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Last Minute Planning for Corporations Who Anticipate Making Dividend Payments

December 18, 2012

C corporations planning to make a dividend payment to its shareholders should declare and pay them by December 31, 2012.

As the parties in Washington appear intent on playing a game of “Chicken” as we approach the fiscal cliff, some last minute corporate planning around the declaration and payment of dividends may be in order for the end of the calendar year. For those businesses that are organized as Subchapter “C” corporations (or “S” corporations with former “C” corporation retained earnings) that are planning to make a dividend payment in the near term; it would be advisable to make sure those dividends are declared and paid before December 31, 2012 in order to take advantage of the current low dividend tax rate.

If Washington doesn’t pass a tax bill by the end of the year, the dividend tax rate is scheduled to automatically rise to as high as 39.6% for top earners as of 1/1/2013. U.S. dividends are now taxed at 15% for the top four brackets and zero in the lowest bracket.

In 2003, President Bush and Congress cut taxes on capital gains and dividends, which mostly affect higher income taxpayers. These cuts are set to expire at the end of 2012.

The current Obama Administration proposal would raise dividend taxes back to ordinary income tax rates. Many analysts are starting to believe there may be hope of limiting the increase to a dividend tax of 20%, based on a Democrat proposal introduced in the Senate. The Republican House proposal would leave the dividend tax rate at 15%.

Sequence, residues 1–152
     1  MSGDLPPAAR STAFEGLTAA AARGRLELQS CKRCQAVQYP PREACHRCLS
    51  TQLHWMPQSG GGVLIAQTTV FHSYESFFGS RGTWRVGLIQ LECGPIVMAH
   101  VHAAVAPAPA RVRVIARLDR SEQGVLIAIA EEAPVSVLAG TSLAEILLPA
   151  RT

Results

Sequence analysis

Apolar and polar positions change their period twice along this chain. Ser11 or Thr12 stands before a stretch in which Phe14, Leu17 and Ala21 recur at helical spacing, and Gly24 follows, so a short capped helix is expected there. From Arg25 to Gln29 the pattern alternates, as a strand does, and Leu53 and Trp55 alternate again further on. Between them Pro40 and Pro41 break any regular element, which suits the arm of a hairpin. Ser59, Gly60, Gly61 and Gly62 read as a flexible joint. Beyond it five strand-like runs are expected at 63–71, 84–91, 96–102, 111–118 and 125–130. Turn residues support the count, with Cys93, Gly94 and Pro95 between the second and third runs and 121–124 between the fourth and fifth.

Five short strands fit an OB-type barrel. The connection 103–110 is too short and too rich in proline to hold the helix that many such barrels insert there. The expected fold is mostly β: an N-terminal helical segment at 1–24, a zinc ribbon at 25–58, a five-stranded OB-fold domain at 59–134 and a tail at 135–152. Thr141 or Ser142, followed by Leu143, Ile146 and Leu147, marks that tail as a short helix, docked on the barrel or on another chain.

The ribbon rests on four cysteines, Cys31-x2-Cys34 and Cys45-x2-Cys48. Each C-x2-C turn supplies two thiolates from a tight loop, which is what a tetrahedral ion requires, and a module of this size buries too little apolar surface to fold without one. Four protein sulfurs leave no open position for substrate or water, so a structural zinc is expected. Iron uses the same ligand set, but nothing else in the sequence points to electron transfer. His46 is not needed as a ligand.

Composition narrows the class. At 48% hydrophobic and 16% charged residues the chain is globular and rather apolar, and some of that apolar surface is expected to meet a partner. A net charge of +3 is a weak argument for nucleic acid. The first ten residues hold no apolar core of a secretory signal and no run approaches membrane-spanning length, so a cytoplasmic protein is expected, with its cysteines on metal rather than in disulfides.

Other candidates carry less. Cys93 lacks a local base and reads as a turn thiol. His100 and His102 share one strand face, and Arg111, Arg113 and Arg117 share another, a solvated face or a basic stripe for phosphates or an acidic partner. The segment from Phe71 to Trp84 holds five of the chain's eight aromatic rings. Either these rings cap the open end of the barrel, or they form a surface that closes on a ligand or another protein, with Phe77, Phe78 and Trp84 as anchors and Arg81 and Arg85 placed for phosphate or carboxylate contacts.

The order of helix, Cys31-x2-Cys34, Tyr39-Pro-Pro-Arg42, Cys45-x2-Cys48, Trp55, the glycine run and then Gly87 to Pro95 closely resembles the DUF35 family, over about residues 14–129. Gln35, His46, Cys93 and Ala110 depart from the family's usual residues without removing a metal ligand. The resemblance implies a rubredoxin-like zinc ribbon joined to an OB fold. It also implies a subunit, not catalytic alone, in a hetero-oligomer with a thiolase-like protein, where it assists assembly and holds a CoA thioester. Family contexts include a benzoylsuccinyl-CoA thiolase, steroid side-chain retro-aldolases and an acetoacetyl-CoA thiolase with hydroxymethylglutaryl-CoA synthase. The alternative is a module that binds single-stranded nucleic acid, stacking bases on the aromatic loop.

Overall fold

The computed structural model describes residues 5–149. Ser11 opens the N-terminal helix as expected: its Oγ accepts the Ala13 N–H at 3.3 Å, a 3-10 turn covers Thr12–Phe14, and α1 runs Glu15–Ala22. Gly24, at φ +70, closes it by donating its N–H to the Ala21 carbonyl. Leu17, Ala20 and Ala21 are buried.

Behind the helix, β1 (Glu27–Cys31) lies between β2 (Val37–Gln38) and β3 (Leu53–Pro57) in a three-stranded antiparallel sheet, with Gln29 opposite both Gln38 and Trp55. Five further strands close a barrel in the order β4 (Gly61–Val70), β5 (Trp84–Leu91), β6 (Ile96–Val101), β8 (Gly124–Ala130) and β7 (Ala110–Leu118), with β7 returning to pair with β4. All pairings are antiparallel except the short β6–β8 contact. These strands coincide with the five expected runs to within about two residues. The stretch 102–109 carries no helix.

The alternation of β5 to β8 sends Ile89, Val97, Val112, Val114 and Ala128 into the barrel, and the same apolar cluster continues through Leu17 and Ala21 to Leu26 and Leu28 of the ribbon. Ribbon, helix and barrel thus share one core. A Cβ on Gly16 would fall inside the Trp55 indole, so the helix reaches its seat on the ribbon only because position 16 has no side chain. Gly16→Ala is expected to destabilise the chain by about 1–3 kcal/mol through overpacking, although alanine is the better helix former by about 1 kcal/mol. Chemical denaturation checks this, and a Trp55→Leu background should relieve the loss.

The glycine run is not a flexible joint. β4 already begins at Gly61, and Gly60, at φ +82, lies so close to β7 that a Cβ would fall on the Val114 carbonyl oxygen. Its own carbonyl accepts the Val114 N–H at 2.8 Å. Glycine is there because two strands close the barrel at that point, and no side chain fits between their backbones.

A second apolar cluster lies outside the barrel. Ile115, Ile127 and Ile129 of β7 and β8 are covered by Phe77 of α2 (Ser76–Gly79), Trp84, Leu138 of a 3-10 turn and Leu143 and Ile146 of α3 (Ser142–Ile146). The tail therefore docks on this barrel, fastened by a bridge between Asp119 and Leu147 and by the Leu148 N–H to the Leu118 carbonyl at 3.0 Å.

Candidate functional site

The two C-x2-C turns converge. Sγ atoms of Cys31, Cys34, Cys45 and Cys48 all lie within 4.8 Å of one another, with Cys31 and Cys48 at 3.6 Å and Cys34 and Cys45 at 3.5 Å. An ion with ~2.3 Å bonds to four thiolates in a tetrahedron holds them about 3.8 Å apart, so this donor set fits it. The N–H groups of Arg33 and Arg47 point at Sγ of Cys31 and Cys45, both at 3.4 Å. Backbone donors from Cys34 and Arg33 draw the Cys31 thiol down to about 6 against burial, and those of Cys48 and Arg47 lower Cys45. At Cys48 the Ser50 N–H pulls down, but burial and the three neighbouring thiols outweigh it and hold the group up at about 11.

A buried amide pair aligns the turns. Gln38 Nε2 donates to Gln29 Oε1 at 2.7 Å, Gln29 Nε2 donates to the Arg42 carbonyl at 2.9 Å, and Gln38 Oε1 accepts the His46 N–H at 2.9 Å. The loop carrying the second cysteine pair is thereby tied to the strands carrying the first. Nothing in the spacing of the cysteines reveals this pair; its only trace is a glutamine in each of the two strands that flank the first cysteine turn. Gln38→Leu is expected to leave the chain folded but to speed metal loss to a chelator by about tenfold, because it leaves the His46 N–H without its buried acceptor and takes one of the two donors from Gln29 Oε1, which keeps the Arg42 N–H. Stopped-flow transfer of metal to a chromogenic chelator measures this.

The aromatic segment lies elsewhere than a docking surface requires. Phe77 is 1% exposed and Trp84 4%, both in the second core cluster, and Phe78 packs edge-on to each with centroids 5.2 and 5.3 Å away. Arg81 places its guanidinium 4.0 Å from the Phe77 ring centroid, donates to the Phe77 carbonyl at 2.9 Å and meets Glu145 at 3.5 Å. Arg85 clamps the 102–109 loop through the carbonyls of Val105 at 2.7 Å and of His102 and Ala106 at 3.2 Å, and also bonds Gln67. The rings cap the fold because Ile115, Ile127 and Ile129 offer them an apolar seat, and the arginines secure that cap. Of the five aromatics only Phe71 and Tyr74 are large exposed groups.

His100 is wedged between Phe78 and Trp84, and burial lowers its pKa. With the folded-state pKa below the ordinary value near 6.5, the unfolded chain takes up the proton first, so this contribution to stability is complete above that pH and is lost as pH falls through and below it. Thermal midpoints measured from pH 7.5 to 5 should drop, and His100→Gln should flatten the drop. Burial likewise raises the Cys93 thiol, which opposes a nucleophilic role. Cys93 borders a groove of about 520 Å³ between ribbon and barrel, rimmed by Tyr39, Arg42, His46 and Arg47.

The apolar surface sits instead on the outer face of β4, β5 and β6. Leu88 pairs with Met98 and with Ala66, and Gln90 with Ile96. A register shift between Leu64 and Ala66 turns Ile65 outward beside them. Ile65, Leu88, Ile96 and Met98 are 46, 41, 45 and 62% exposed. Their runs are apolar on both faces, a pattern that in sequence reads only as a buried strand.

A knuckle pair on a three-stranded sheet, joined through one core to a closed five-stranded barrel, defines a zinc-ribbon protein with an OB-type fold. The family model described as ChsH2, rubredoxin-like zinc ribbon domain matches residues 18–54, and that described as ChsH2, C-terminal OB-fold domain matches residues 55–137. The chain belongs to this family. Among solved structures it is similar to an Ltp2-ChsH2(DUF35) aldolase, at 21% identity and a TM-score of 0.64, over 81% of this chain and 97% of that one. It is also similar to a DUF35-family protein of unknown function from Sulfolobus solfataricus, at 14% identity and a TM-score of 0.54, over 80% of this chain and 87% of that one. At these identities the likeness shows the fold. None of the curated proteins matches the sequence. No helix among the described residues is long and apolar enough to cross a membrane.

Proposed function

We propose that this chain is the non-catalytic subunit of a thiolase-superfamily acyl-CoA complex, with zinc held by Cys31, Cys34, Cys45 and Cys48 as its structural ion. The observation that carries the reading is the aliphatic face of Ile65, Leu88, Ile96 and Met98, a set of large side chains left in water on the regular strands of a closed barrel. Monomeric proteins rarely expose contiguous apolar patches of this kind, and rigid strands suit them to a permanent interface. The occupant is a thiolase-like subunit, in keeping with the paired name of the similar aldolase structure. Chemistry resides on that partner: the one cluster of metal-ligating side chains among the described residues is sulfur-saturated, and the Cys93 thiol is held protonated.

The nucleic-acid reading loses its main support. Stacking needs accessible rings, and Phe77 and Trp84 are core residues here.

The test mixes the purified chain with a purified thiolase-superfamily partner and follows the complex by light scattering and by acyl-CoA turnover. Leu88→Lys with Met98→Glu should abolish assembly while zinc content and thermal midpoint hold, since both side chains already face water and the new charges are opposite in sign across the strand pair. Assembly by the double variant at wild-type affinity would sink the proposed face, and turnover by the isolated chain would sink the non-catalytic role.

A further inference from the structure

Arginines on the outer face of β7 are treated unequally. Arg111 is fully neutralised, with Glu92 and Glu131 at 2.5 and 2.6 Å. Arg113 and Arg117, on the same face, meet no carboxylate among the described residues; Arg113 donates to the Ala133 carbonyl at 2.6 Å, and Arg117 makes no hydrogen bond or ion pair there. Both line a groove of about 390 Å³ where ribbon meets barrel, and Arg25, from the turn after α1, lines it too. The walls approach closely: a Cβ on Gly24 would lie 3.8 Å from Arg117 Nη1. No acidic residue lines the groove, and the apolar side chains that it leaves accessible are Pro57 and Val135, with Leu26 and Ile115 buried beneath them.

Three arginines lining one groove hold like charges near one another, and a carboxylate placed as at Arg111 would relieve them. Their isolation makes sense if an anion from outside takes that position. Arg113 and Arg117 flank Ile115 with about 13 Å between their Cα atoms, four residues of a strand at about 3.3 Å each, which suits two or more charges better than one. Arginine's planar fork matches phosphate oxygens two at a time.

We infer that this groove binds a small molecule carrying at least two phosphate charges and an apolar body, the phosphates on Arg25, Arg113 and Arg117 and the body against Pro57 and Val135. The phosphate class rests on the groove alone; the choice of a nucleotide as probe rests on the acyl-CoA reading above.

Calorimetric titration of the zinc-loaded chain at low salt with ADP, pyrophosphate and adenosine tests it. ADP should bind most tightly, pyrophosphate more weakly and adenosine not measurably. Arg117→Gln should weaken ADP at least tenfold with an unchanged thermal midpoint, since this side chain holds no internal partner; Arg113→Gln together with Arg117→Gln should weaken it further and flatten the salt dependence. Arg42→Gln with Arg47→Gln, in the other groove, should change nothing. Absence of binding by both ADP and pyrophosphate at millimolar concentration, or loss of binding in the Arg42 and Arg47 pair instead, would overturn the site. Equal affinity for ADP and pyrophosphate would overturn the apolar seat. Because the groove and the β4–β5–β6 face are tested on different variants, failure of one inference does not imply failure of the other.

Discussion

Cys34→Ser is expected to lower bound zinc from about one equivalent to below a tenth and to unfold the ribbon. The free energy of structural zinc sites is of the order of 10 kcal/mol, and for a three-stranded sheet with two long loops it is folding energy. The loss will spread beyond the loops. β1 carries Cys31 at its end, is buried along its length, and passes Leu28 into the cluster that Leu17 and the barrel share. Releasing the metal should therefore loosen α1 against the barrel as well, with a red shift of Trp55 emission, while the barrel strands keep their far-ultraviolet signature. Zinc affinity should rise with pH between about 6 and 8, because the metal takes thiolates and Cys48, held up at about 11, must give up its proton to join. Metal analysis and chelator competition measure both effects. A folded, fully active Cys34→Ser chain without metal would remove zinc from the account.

Adding to the increase is the new investment tax of 3.8% from the recently enacted health care Act. This investment tax effects many higher income earners and would be on top of whatever dividend tax the parties end up passing.

While much remains to be decided, a C corporation planning to make a dividend payment to its shareholders, it would be best to declare and pay it by December 31, 2012. This would at least eliminate the uncertainties and lock in 15% tax treatment for the company’s shareholders in 2012.

It is sure to be a wild ride all the way to the final days of the year. Any steps that can bring some certainty to an uncertain situation should always be considered. For more information on this topic please contact any member of our Tax Service Team. Read more on the latest tax information, year-end planning and updates please visit the KLR Tax Blog.

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